I refer to legislation that I believe was due some years ago and which is now long overdue, namely, proposed legislation in respect of lobbying. This issue often features in the media and I feel strongly about it because it is important. Lobbying often has negative connotations but I wish to make a point about positive lobbying. The Taoiseach will be aware, because we have walked the lands-----
Please allow me to finish a sentence. With respect, the Ceann Comhairle allowed Deputy McDonald a fair bit of latitude. I wish to say one sentence. The Taoiseach had the opportunity, for which I thanked him, of visiting-----
The Minister for Public Expenditure and Reform held a public seminar on the regulation of lobbying Bill some time ago. The draft heads of the Bill have been prepared and have gone for consideration to the committee which deals with public expenditure and reform.
I can confirm for Deputy Griffin that the this amending Bill on road safety has already been prioritised and is listed for this session. For the information of all Deputies, when the legislative programme is produced at the commencement of each session, that information is on the website for all Deputies to see. If they check there they will see the roads (amendment) Bill is listed for publication in this session.
What legislation will the Government be bringing before the House to deal with our current housing waiting lists? There is no Bill in section A and section B of the programme of legislation to deal with very long housing waiting lists. For example, there is a waiting list of eight years east or west of the city of Galway. There has been a reference to an 88% increase in homelessness in recent years. What legislation will be brought before the House to deal with those issues?
The Government has promised for some time to amend the Defence Act 1954 and to deal therein with a number of disciplinary related issues. When is it intended to bring forward the defence (amendment) Bill?
Yesterday, Deputy Martin raised the timing of legislation for an open competition for the appointment of a Secretary General and Clerk of the Dáil and the overhaul of the top level appointments commission, TLAC, system. Deputy Martin wrote a comprehensive letter to the Taoiseach on 12 July-----
Before I call on the Taoiseach to answer this, I am being dragged into a controversy over this matter and I resent it very much. The 1959 Act was amended by the 2003 Act, which obliges me in law to perform certain functions. There were amendments to that Act in 2006 and 2009 and nobody made any changes. I am obliged by law under the current 2003 Act to perform certain duties. I tried to do so by calling a meeting of the commissioners and they were briefed before the meeting, so the shambles that took place means that I am now in a very awkward position so that I am going to apply the 2003 Act, which I can, where I do not exercise my right and it will now be a matter for the Taoiseach in accordance with that Act. It is not the 1959 Act but the 2003 Act that should be looked at.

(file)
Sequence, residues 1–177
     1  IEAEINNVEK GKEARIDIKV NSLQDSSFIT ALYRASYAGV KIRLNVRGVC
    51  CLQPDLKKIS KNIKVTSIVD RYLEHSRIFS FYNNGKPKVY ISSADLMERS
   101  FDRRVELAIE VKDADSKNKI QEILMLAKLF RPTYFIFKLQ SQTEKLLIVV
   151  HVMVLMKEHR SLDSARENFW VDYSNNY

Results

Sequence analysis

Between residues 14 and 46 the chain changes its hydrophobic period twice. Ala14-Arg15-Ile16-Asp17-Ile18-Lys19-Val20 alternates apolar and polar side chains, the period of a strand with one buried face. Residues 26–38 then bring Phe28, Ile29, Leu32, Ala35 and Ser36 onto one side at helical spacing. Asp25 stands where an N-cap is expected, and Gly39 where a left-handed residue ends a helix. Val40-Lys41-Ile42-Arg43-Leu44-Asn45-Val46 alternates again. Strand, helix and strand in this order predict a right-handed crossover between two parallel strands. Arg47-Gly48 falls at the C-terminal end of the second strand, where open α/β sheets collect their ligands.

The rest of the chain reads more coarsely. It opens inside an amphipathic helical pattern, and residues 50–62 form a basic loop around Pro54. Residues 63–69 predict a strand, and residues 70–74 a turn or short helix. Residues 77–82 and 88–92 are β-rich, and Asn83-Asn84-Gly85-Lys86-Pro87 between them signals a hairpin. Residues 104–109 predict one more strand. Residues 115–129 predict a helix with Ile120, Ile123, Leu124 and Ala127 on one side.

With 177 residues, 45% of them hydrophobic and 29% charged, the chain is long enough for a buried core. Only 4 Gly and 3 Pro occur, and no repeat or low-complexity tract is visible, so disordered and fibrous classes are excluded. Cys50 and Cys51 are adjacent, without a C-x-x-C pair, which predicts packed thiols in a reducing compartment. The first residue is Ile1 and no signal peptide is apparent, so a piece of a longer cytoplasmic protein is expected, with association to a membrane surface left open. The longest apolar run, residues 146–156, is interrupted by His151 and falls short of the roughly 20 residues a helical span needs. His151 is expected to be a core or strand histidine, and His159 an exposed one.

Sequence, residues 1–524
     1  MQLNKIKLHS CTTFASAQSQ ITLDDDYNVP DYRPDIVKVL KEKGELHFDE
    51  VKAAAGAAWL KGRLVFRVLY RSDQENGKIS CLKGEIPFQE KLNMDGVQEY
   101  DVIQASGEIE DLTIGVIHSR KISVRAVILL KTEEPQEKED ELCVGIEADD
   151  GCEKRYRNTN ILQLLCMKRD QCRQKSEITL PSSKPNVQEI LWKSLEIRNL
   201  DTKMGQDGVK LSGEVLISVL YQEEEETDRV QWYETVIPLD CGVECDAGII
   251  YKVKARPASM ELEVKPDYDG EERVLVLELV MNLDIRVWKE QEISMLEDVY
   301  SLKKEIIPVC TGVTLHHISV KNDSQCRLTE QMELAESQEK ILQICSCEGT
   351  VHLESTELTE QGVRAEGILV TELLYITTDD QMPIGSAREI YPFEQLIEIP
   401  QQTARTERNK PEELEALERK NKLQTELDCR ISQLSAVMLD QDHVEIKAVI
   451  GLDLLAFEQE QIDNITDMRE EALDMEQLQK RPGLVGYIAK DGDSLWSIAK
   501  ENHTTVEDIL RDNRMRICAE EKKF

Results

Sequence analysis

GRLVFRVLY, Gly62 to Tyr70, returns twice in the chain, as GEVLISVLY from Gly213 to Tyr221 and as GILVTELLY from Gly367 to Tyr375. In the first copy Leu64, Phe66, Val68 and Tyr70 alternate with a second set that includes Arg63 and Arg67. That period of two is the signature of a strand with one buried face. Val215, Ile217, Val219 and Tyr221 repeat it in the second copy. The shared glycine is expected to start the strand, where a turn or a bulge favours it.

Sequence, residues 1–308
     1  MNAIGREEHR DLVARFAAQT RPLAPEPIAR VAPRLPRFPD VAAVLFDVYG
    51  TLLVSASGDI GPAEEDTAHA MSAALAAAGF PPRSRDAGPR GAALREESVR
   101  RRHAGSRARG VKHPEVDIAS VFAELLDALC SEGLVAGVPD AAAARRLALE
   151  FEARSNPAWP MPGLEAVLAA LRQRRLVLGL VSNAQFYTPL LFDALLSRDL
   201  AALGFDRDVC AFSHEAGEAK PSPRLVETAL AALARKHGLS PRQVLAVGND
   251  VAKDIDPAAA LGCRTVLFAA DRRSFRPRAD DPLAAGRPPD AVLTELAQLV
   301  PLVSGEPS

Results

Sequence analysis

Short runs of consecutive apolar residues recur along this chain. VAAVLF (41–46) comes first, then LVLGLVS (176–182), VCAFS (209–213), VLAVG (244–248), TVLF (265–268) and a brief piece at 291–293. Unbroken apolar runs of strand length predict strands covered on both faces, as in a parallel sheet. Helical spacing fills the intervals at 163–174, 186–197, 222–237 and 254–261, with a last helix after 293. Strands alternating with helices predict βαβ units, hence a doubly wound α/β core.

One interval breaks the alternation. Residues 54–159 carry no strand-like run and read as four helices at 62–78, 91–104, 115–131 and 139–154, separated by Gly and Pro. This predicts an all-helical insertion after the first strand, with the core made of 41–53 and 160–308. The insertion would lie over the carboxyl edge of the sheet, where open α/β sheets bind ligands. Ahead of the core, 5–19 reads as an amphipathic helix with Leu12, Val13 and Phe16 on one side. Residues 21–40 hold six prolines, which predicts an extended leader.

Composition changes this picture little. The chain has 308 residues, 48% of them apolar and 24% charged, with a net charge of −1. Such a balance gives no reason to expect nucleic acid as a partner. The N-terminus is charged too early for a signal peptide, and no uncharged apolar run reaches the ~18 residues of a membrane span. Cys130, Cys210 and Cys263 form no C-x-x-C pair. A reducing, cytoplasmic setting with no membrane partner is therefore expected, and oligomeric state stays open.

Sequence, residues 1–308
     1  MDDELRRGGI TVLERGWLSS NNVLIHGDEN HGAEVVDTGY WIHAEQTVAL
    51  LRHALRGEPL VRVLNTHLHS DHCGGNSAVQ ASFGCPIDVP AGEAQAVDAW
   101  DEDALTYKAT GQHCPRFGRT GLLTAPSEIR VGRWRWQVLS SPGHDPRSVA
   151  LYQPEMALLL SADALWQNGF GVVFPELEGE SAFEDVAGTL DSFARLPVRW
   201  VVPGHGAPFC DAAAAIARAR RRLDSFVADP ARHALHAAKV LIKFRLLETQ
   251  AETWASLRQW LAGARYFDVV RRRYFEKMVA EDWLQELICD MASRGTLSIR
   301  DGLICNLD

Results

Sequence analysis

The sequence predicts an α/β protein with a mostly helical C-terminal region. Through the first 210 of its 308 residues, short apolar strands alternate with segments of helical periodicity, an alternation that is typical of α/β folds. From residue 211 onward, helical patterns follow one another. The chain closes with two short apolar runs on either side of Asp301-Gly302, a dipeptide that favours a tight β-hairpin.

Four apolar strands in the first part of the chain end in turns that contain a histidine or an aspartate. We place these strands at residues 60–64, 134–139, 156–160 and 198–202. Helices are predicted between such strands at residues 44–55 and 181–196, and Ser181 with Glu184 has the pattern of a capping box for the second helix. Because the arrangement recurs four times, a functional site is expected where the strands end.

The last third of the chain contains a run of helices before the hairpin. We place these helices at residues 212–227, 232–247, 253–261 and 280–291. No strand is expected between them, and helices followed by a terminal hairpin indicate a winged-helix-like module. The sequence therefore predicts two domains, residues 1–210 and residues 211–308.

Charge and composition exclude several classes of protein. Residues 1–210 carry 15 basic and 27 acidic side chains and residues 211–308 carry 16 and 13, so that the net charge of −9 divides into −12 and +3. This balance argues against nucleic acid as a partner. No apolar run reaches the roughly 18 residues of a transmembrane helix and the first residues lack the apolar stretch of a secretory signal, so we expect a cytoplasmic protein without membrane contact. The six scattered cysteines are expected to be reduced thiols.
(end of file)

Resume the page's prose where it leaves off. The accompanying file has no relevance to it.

I am appearing in newspapers. People are leaking stuff following a consultation process that took place within the law. The content of the leak was totally improper and incorrect, and an attempt to blacken my good name. I have to sit here and take this abuse without having any right of response. This is not in order on the Order of Business.
I respect the complete independence of the Ceann Comhairle in this fashion. I regret the fact that there have been comments attributed in sections of the media about the Ceann Comhairle. He has a constitutional responsibility to chair this House in a proper fashion, which he does.
I can confirm to Deputy O'Dea that the Minister will bring a memo to the Government very shortly on this matter. It is our ambition to have an open and transparent conclusion to this matter.
When does the Taoiseach expect the publication of the criminal law (sexual offences) Bill to implement recommendations of the second interim report of Joint Committee on the Constitutional Amendment on Children and further protect vulnerable persons against exploitation and abuse?
I have a question on three items of promised legislation. Is it intended to have all Stages of the pyrite levy Bill passed through the Dáil in preparation for signing it into law? Is it the same case for the Employment Permits (Amendment) Bill 2012, which will consolidate existing legislation and take account of evolving jurisprudence and cater for future accession to the EU and people seeking employment from other jurisdictions? The third Bill is the health information Bill, which was promised to provide the legislative framework for the better government and health information initiatives, including data mapping and health information resources for use in the health services, which is very important.